Wednesday, November 11, 2015
A full room of interested graduate students and postdocs from across campus eagerly lapped up insider tips from the perspectives of industry leaders, entrepreneurs and faculty at the BEST Program's panel discussion on Industry, Entrepreneurship and Management this week. What follows are some of the questions fielded from the audience and managed by BEST Advisory Board Member Aaron Joiner, PhD student in Molecular Biology and Genetics.
What does industry look for in an intern? "We love when we are happy with an intern and can recruit them later, but mostly the project they work on needs someone with good lab skills. We spend a month training, and don't expect you to have the particular skills needed," offered Kent Goklen, from GlaxoSmithKline. His company recently offered an internship to BESTie Ken Yancey, PhD candidate in the department of Biological and Environmental Engineering, who will complete six months at GSK in December. Ken is working in a downstream processing unit, when in fact his previous experience was more upstream.
To postdoc or not to postdoc? Overall the speakers agreed it depends on the field. In general, in industry engineering or process positions, no; in discovery, yes (it can be an industrial postdoc). Basically if you can get a good industry position without a postdoc, then take it; there is no salary difference if you did a postdoc (in this country). In academia, a definite yes. In startups there is no advantage, and in fact time in a postdoc represents an opportunity loss. All strongly recommended that in any case a postdoc position should be used to broaden the skill set from your PhD work and it should not be at the institution you got your PhD. Exceptions include if you want to continue to take advantage of the entrepreneurial resources at your institution while you gear up for a startup. A note of caution to review your conflict of interest documentation.
So how important is follow-up after applying for a position? All the speakers agreed that follow-up universally will increase your probability of getting a position. Gus Aguirre, from the University of Pennsylvania and Co-Founder of Optigen opined that "Networking is the most important part" and suggested that small companies could never take a chance on someone who didn't come highly recommended. Kent Goklen disagreed slightly, in that large companies like GSK have a structure in place and rely on it to find good people. He cautioned though that "There's a fine line between being persistent and being a pest, and if you go over it, your chances for landing a job drop precipitously." Nods around the room.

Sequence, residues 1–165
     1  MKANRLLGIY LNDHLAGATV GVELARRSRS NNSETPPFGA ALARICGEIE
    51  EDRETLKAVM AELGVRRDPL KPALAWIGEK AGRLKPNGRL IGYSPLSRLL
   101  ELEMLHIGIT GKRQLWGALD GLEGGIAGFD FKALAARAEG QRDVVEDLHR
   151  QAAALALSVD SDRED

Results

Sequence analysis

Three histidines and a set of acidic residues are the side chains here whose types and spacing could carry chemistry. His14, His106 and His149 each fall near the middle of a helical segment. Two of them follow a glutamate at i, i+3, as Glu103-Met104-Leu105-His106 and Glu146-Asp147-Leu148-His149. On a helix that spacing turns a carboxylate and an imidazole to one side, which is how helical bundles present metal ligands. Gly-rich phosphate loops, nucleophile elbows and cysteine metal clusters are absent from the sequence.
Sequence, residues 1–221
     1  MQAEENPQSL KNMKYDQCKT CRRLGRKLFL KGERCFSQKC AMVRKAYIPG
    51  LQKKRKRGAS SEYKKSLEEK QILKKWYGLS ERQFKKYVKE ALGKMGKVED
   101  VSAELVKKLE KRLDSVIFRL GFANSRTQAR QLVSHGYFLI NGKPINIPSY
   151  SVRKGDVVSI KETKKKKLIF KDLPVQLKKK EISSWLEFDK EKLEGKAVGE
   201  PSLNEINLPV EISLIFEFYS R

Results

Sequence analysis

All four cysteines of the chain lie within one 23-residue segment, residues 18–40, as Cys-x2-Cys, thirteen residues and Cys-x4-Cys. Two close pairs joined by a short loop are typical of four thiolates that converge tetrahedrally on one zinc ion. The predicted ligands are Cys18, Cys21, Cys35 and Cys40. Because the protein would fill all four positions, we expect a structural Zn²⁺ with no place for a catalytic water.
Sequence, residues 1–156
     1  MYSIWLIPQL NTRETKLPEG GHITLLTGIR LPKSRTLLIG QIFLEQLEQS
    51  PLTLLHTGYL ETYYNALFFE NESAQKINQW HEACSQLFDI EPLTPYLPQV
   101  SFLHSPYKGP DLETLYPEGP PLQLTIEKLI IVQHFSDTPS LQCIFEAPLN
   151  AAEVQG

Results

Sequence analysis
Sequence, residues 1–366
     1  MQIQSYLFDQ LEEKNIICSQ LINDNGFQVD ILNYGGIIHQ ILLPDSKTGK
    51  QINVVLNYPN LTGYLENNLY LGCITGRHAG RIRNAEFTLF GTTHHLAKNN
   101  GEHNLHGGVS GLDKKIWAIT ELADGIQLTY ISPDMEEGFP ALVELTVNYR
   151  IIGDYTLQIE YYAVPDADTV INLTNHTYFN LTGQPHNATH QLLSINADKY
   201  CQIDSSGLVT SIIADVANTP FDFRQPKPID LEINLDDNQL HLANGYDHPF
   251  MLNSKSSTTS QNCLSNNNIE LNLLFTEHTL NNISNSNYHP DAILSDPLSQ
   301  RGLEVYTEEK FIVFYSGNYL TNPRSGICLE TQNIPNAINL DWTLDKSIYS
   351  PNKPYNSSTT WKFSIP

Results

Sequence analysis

How do you determine if a large company or an entrepreneurial setting is right for you? Marnie LaVigne, from LaunchNY suggested "Startups are ambiguous, in what you will do each day," so you have to be comfortable with the unexpected variety which might span running experiments, troubleshooting equipment, writing patents, doing market research, sweeping the floor, making presentations to investors, and everything in between. "Everybody is a big cog in a little wheel at a small company," agreed Sue Pearce Kelling of Optigen, "you have a sense of responsibility to the team, you depend on everybody." Kent Gocklen finished her thought, "and at a large company it's more compartmentalized and in a specialized area, not necessarily the exact field of your PhD, though. There's a lot more bureaucracy at a large company, so you need a level of tolerance/patience to deal with it; but it can also protect you. There's more structure at a large company; it's more hierarchical."
Some cautionary tales? Marnie LaVigne jumped in, "Quality matters. Process matters. These can be hard lessons for a small company." David Erickson of Cornell was quick to follow, "In a startup, you're the boss. There are downs. You might have to fire people (and you might be let go as the CEO). It's impossible to hide if you are 20% of the workforce-if you are only bringing in 5% then you must be let go." Gus Aguirre provided his perspective next, "Raising money is part of an academic and an entrepreneurial career-you must sell yourself and your ideas, through speaking and writing, all the time." Again nods, and thumbs up for the BEST Program efforts to improve science communication. A quick plug followed for the Dec. 7 & 8 "Finding Your Scientific Voice" workshop-see the BEST events calendar!
Some parting advice? "You must create your own fork in the road along your career," Marnie LaVigne suggested. "As a practical matter, sometimes it can be easier to be in a startup when you are younger; of course there are exceptions," David Erickson added. "You have to build your network--but the more options you keep open the more work you'll have to do to keep those options open, so the earlier you can rule something out, the better," Kent Gocklen advised. Gus Aguirre suggested reading "The Fall of the Faculty: The Rise of the All Administrative University and Why It Matters" a book by Benjamin Ginsberg. David Erickson suggested that "if an entrepreneurial path is what engages you, tell your advisor! That's half the battle." One third of his students go that route, one third go into industry, and one third end up in academia.